Conventional kitchen wisdom says you only need a few quality tools in the kitchen to cook pretty much anything. I counter that certain tools, though "they" may call them superfluous, really do make it easier, and more likely, for the home cook to try certain things. That's been the case for me, anyways.
Take my food processor, for example. Once I got it, I made a lot more (and a lot better) pesto. Also, blended bean dips and other thicker dips made a more regular appearance at the table. There were just some things that my blender couldn't do very well.
My crock-pot allows me to cook when I don't have the time or the energy. I just put good ingredients in, turn it on, and walk away. It saves me time, and saves me from eating out and spending money.
Then there was the Kitchen Aid stand mixer. Since it's arrival, I'm much more likely to do a cake from scratch, to make frosting, and to make bread even when I'm super busy.
And, of course, I can't forget the knives. My first Wusthof, then my santoku, opened up a whole new world of effecicient, effortless chopping.
My most recent purchase was a large skillet with a wide bottom. It's heavy like a cast-iron, but non-stick. And, the large surface area makes reducing a breeze. I've made sauces in a snap, shortened cooking time on soups and stews, and have finally learned how to saute properly.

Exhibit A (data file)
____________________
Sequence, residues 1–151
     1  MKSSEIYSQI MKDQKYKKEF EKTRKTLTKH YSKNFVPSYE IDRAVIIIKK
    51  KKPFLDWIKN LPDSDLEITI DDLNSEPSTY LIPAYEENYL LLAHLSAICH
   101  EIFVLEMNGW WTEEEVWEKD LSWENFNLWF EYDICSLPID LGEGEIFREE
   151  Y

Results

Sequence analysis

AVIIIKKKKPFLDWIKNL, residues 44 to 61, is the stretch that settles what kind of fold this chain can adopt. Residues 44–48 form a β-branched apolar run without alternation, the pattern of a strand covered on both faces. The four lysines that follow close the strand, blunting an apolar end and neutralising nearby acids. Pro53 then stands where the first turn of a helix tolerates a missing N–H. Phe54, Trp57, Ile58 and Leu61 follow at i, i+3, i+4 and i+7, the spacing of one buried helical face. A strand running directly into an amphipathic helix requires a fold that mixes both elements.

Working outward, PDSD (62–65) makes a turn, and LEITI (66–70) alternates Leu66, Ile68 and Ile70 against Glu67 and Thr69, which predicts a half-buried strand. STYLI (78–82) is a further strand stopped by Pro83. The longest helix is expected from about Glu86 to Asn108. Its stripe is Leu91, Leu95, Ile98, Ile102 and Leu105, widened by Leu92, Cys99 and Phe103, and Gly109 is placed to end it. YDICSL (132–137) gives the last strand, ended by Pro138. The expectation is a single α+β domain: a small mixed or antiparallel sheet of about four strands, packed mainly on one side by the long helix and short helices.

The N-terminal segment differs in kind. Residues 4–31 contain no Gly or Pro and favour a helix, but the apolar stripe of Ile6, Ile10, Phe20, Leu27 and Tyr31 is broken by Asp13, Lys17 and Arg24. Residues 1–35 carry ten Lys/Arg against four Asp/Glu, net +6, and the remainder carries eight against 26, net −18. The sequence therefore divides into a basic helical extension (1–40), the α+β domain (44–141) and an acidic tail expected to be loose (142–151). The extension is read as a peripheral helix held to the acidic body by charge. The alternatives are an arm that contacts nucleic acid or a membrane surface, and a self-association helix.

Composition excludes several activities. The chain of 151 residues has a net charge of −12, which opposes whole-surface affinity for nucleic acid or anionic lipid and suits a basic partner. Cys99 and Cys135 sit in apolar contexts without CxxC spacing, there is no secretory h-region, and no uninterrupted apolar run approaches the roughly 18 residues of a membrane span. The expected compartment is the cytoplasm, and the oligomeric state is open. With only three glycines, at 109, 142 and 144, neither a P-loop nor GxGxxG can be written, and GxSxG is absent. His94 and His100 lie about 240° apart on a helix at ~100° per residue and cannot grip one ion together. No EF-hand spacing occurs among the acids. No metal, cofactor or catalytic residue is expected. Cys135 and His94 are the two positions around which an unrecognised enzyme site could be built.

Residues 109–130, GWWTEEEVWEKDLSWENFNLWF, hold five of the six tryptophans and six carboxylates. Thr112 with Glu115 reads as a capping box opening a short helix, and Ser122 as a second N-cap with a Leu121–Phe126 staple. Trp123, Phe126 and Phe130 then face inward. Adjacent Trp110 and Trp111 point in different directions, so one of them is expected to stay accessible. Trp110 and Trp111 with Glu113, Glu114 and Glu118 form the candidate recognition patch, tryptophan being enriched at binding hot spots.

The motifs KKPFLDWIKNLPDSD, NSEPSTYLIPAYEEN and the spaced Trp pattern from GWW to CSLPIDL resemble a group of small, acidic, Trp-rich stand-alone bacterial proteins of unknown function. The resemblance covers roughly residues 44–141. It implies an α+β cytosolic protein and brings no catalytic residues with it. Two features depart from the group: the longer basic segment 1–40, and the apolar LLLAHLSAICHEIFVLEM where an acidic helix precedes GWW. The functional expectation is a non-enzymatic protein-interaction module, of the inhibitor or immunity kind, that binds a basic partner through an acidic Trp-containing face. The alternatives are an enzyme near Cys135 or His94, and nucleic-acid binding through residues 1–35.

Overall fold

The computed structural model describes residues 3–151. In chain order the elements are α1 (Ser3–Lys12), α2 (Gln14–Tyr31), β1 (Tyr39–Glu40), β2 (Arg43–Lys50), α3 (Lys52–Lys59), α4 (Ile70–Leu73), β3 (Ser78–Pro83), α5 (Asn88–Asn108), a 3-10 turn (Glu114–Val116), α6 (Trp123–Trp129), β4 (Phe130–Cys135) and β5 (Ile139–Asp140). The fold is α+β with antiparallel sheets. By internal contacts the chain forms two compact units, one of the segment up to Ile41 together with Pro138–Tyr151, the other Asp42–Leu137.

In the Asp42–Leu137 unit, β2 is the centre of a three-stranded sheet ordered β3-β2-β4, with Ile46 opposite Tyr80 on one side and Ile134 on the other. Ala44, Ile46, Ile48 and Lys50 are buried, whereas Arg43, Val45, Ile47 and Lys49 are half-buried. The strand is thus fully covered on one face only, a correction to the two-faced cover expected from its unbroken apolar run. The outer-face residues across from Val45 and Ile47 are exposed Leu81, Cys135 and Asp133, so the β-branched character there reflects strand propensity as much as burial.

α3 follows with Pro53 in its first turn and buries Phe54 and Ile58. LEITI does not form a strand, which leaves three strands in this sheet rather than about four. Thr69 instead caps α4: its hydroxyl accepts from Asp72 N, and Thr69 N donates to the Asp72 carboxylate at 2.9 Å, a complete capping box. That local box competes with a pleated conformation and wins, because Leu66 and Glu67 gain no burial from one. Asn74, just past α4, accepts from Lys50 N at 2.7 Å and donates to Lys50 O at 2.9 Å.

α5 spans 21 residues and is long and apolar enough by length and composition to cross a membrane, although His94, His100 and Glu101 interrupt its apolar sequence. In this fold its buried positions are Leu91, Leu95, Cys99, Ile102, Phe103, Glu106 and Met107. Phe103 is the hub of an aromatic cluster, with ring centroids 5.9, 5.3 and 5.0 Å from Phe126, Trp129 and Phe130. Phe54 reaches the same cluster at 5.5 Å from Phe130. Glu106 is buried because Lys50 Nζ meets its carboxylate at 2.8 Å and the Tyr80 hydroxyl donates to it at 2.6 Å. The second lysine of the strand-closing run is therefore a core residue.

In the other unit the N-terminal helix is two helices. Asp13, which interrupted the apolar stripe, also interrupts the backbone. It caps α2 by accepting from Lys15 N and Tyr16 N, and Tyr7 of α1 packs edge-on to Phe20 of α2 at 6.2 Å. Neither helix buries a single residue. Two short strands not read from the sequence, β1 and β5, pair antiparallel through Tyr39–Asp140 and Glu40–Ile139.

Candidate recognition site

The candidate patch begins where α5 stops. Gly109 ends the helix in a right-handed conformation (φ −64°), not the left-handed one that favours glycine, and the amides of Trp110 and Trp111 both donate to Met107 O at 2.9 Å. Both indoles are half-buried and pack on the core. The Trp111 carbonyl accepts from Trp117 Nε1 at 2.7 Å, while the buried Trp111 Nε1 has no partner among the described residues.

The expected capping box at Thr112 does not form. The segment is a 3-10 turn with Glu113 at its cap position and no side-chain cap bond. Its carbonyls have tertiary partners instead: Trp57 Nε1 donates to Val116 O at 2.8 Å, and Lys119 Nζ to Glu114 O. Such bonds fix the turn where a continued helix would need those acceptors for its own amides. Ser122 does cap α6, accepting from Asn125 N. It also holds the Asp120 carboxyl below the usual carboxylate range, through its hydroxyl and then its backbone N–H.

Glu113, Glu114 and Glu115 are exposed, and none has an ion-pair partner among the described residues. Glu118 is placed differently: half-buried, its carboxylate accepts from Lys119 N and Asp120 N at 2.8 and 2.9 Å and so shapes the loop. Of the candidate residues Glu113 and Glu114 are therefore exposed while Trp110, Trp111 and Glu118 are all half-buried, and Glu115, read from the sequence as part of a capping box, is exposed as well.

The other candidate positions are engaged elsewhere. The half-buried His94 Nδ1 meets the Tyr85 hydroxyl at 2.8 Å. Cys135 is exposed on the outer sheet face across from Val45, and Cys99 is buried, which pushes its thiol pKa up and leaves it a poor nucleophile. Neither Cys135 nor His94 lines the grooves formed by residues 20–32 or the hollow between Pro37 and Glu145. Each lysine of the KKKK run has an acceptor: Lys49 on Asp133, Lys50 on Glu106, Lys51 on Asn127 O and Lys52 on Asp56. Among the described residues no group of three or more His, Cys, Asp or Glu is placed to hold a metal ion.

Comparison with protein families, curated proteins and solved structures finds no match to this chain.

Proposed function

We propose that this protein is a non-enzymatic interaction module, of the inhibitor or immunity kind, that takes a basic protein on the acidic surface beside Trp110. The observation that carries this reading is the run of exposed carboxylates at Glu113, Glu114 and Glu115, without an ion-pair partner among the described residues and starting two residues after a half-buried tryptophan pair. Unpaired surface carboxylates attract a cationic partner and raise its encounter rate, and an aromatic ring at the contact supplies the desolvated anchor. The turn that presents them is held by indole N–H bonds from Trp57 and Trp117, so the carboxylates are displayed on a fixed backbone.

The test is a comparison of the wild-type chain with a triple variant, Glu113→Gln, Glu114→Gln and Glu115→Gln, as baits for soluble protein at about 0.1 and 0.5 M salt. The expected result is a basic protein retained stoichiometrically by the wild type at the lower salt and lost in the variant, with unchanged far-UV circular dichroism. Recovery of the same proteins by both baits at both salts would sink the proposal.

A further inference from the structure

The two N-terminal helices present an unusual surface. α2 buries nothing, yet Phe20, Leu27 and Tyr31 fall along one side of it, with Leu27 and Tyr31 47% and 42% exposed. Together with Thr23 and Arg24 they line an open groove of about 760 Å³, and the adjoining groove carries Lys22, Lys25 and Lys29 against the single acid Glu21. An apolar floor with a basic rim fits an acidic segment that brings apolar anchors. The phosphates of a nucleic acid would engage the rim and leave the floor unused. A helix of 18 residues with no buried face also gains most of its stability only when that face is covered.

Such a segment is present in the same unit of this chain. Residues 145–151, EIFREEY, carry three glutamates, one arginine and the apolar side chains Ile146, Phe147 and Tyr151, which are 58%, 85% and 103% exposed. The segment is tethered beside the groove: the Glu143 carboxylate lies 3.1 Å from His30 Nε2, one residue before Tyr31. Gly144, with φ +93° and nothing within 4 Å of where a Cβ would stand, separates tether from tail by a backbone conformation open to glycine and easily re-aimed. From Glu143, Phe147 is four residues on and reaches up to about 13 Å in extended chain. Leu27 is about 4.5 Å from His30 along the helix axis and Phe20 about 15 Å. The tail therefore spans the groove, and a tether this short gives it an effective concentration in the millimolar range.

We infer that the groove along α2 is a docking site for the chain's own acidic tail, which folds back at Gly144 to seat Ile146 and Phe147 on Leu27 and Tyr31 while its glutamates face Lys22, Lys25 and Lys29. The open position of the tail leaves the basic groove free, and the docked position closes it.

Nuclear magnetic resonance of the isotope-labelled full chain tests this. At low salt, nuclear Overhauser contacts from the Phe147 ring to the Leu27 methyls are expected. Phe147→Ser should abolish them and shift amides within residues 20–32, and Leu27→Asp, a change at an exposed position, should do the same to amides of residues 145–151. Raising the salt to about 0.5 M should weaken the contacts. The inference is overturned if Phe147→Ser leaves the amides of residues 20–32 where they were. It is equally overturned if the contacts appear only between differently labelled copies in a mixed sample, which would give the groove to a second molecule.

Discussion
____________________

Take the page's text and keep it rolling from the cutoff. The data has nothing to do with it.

Though most of these--other than the knives--aren't essential for a kitchen, they are now essential for my kitchen.
Here's a quick recipe that uses two of my tools to make a fast, tasty, fresh pasta sauce.
Slow Cooker tomato sauce
Several fresh tomatoes
large handful basil
1/4 cup red wine
4 garlic cloves, peeled
salt and pepper to taste
You'll also need a slow cooker, a blender or food processor, and a wide-bottomed saute pan with a lot of surface area.
Cut the tomatoes into big chunks. Toss them into the slow cooker with the other ingredients. Turn to low, and go to work.
Come home, and stir. Turn off heat, open lid. Carefully put mixture into blender. Blend until smooth. Be careful as it will be hot so pulse the blender until you're sure the lid won't pop off.
Transfer sauce to wide-bottomed saucepan. Taste for seasoning, and adjust as needed. Go for a little less salty than you think you need since it will be saltier when you reduce it.
Turn burner to high, and heat sauce until it starts bubbling. Turn heat to medium low and cook, stirring frequently, until the sauce gets the thickness you want. For pasta, you'll want it thinner. For pizza, you'll want it pretty thick.
When the sauce gets as thick as you want, turn off the burner, and taste one more time, and see if it needs more salt or pepper. Here is where you'd add fresh herbs, a little more salt or pepper, some heavy cream, or even a shot of vodka.
Serve on whatever you like.